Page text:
The essence of mentoring is this opportunity to move beyond classroom lessons by acquiring real-world experience and knowledge in observing and questioning seasoned professionals. Equally critical to real estate agents and mortgage professionals, mentoring provides opportunities for students to begin applying those lessons in situations that can be monitored by mentors.

For mortgage brokerages and banks, quality mentoring programs can result in any or all of the following:

  • Real-world experience in sensitive areas, such as disclosureand compliance
  • Observing and learning lead-generation scripts and dialogs
  • Easy access to advice from a professional with a stake in the student’s success
  • Reduced anxiety about making a “mistake”
  • An extra pair of eyes ensuring that novices are completingtasks properly
  • Prospective leaders are identified and groomed

A win-win

Properly initiated mentoring programs can be win-win situations. While obviously helping a company’s latest hire become more proficient, mentors often report higher job satisfaction, as they value the opportunity to “give back” by sharing experience and wisdom.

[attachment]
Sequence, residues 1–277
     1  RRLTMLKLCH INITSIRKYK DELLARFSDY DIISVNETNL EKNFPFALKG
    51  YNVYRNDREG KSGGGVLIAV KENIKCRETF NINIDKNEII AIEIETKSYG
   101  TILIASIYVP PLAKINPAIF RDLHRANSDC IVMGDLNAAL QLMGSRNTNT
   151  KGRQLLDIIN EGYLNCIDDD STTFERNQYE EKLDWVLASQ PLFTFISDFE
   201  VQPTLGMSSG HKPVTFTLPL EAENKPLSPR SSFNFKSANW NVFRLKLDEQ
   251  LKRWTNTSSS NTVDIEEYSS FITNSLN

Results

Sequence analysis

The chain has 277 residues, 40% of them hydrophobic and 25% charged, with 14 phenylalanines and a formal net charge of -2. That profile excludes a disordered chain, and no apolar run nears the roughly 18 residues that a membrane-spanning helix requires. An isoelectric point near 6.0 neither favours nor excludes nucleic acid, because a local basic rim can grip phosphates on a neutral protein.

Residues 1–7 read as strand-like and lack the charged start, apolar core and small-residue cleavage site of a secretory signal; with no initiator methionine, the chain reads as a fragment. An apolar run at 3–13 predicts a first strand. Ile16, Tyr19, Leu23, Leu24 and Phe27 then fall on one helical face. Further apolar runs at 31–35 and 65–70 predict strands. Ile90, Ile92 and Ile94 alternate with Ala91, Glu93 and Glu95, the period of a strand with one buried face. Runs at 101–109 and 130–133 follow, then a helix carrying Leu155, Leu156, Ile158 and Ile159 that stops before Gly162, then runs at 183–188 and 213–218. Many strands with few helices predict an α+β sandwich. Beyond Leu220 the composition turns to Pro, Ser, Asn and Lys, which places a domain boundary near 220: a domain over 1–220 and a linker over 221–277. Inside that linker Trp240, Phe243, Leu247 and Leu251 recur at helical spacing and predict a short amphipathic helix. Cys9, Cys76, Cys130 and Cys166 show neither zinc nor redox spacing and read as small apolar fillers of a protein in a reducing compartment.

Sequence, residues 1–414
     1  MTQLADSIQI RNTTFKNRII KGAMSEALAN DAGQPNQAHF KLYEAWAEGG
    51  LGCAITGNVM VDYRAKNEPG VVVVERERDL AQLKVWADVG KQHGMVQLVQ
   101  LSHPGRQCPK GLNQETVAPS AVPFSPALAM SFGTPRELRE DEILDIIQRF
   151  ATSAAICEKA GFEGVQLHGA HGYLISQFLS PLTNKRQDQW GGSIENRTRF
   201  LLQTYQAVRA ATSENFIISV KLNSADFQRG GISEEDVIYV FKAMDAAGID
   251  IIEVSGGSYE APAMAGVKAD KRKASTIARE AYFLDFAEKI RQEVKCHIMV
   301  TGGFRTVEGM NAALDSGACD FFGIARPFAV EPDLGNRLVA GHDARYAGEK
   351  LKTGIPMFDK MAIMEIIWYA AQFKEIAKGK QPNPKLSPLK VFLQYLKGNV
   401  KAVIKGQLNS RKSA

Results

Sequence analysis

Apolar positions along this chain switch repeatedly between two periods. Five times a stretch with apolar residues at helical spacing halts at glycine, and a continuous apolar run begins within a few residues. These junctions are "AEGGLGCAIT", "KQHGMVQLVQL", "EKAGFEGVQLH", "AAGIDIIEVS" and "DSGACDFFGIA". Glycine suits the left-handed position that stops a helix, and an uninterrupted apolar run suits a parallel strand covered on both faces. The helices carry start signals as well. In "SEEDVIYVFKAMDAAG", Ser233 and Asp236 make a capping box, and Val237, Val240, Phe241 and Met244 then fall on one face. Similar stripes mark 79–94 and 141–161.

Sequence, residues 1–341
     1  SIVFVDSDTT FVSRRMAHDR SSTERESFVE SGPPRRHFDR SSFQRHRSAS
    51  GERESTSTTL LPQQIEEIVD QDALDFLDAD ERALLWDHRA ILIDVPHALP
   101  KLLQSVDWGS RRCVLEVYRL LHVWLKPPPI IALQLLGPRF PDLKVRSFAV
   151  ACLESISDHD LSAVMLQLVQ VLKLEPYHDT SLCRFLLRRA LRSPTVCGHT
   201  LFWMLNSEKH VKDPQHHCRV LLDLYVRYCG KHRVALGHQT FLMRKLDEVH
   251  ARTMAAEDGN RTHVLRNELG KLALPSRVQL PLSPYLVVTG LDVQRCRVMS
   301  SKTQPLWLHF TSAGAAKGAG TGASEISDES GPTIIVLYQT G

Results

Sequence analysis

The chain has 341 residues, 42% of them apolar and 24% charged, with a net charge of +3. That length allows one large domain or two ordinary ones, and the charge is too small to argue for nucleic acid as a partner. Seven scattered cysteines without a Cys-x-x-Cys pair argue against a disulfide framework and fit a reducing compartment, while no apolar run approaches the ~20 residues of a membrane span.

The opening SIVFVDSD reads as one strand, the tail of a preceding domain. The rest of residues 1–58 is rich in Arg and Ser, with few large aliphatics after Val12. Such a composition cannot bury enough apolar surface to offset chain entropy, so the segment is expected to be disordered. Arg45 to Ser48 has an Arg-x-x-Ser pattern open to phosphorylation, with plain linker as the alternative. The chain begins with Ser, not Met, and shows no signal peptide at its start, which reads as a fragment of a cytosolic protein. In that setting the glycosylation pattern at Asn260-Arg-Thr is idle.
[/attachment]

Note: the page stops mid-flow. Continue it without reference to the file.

For mortgage companies, veteran bankers and brokers can enjoy the benefit of being active and engaged professionals who share their wealth of experience in helping to develop the next generation of well-rounded, knowledgeable professionals. This also can create a halo effect that encompasses the way in which experienced and new professionals deliver service to customers; so, in essence, mentoring programs can be a win-win-win situation.

A complement to training

Traditional training is primarily functional. It’s the “how to” part of the professional process and aims to help individuals become good employees and managers, but it’s difficult to formalize the wisdom of people who have succeeded in specific industries within the confines of a standardized class. Mentoring enhances the classroom lessons and adds the invaluable seasoning of the veteran professional to the mix.

Mentoring is about coaching and counseling. It’s about navigating the organizational culture, solving real-world problems, advancing careers, and most important, honing the tools required to deliver customer success.

A talent magnet

Mortgage companies also should know that mentoring can be a great way to make sure that the talent pipeline is filled with people ready to manage and lead. It’s also an effective way to retain and recruit. Before initiating a successful mentoring program, some banks and brokerages may not have a single newly hired professional in the top 20 percent of their sales production. After several years of implementing a formalized mentoring program, however, an organization may find that a large percentage of their top producers are graduates of their mentoring program.

•  •  •

In the real estate and mortgage industries alike, companies are only as good as the people they have servicing clients. If your organization already counts a number of successful industry veterans among its ranks, establishing a thorough mentoring program can ensure that more quality originators are on deck.